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It's not easy becoming a business leader, especially in Asia
November 10, 2004
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New York, N.Y. -- Many leadership development challenges faced by organizations in other parts of the globe are magnified in the Asia Pacific region, according to a report released by The Conference Board.

"Attracting, developing, and retaining leaders is a chief concern of CEOs throughout the world," says Andrew Bell, The Conference Board's Program Director for the Asia Pacific HR Council and author of the report. "But more so in Asia Pacific, which will be a major source of business growth for many corporations in the next decade."

Multi-national corporations and expanding local/regional Asian businesses are looking to develop and engage world-class leaders as they seek to compete successfully in the same international markets.

The major leadership development challenges in Asia Pacific include:

  • Rapidly evolving expectations of younger generations are often in conflict with current leaders.
  • Increasing social and international mobility of people and rapid business growth require changes in recruitment requirements at both graduate and mid-career levels.
  • Traditional structures and career paths are changing, and talent increasingly is recognized and rewarded independent of age and service.
  • Developing solutions to these challenges can become complicated because of a less well-equipped and influential HR profession in a number of countries.

There are also cultural factors in some Asian Pacific societies that inhibit the movement of executives overseas. These include assimilation and acceptance, education of children (there are few Asian Pacific international schools specifically running on the home country education system), and fear about the principalities of return and re-absorption.

Combining these factors with a business context where there can be rapid growth or contraction, increasing competition and consolidation, a rapidly evolving legal and regulatory framework, and growing employment costs of international assignees results in a multi-dimensional challenge.

"There is no prescriptive or singular solution to the question of how best to develop leaders in Asia Pacific," says Bell. "However, many North American and European multinational corporations would agree that they have not been as successful as they had hoped at developing and appointing Asians into top leadership positions."

In Asia Pacific, the challenges in executing effective leadership development can be summarized as a disconnect between people and the vision/strategies of the business. The organization's culture and policies can work against the realization of the objectives and implementation may not be aligned with the realities of local business operations.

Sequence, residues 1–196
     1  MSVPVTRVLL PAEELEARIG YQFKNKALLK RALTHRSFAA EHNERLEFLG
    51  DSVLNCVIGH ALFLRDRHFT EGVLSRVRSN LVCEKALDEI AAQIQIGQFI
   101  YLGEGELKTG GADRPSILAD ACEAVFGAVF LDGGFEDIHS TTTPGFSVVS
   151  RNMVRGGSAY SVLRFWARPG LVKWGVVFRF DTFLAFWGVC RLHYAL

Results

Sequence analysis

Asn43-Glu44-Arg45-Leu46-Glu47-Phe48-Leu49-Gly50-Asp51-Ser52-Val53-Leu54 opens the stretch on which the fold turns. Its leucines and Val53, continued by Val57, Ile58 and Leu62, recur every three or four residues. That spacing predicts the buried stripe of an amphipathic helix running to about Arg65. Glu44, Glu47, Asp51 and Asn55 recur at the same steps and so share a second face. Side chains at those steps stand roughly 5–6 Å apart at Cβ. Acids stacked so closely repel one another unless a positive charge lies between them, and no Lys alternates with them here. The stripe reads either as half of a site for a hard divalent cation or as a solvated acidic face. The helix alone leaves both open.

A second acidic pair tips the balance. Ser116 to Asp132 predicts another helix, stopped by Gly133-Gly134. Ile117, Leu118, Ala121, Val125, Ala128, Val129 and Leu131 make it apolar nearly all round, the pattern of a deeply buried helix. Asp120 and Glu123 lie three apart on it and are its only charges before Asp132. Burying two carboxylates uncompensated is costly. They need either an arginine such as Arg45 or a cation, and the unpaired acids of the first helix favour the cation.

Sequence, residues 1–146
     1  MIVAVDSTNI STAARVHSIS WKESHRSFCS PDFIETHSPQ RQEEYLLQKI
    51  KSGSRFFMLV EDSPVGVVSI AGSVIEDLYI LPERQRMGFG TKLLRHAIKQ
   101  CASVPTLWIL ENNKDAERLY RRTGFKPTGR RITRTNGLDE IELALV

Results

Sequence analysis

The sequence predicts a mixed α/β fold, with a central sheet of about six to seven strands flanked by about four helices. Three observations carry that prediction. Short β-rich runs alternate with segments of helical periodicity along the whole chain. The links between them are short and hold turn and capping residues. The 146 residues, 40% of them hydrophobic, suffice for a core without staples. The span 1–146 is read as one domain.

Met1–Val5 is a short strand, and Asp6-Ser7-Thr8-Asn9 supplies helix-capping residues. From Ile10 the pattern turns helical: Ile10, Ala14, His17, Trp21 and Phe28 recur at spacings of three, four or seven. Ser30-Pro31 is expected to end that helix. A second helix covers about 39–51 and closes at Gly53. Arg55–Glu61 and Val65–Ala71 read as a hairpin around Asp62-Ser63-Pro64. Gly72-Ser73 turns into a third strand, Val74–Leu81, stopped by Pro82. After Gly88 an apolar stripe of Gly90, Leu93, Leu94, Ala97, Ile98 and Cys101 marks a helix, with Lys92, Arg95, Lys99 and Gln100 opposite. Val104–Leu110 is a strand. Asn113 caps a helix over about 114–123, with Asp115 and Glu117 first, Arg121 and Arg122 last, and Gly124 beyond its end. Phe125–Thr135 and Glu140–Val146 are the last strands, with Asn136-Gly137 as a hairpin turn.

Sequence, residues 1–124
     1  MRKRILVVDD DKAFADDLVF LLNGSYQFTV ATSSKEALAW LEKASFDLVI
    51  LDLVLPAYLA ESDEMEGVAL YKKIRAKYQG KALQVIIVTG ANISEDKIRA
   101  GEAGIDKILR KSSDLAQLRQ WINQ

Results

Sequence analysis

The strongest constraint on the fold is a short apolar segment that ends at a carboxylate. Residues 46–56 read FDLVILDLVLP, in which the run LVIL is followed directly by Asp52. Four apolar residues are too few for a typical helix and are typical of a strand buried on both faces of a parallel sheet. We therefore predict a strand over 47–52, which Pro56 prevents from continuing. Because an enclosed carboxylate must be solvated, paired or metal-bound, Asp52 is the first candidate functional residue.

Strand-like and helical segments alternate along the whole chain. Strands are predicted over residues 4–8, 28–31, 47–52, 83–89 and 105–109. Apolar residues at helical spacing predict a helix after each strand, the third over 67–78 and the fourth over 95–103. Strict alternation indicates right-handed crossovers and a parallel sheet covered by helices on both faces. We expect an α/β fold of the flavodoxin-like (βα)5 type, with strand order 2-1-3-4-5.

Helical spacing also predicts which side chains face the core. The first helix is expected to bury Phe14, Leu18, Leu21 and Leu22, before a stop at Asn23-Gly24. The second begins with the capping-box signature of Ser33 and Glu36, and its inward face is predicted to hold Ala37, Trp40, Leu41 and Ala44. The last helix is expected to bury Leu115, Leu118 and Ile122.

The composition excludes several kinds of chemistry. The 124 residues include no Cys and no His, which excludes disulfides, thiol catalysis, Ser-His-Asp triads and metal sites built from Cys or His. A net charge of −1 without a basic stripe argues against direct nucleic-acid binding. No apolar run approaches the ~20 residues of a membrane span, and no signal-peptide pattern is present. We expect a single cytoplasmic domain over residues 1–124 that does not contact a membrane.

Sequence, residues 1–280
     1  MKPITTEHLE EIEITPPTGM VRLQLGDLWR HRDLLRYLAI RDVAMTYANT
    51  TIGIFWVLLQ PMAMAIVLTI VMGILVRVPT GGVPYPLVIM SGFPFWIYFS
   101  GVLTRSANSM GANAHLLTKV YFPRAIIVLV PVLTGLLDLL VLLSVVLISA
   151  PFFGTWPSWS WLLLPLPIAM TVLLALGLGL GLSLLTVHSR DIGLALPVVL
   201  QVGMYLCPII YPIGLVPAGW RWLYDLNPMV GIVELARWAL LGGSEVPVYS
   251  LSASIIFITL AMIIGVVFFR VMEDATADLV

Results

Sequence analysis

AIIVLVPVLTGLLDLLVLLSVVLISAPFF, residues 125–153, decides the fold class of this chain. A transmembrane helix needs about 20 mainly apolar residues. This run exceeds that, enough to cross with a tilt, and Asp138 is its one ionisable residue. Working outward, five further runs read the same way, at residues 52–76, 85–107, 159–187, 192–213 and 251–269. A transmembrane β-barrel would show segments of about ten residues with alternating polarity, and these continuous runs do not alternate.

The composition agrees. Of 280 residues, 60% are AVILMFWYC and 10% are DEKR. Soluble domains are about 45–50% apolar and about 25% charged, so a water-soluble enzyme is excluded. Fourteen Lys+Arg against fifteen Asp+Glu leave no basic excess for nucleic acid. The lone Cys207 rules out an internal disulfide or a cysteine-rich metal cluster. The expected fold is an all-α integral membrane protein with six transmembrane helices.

Developments in information technology are supportive of improvements in converting strategy into action across the whole spectrum of leadership development initiatives. As technology becomes global, there is a greater focus on consistent international approaches rather than stand-alone country initiatives. To some extent, the technology itself may positively support some of the cultural changes taking place across Asia Pacific, especially as information ownership moves from a centralized and controlled service to distributed access and ownership where people have more individual control over their employment relationship.

Successful leadership development programs need to feature career paths and options, organizational commitment, supportive processes based on providing substantive experience, coaching/mentoring/role-modeling, and long- term reward and recognition policies.

A major theme emerging in the Asia Pacific region is a stronger focus on inspiring and nurturing talent and not just on the development of leaders. What were once called assessment centers are now sometimes called talent centers. One factor in this new approach may be that companies have responded to the rapidly evolving and unpredictable nature of growing a business across Asia Pacific and now focus less on managing the talent flow as a top down planning process through traditional career paths and succession planning.

"What is clear is that the organizations that will thrive are those that are most successful in continually developing talent in Asia Pacific to be effective at the country, regional, and global levels," concludes Bell. "This will require constant attention, persistence and, most of all, learning from experience at the organizational and personal level."

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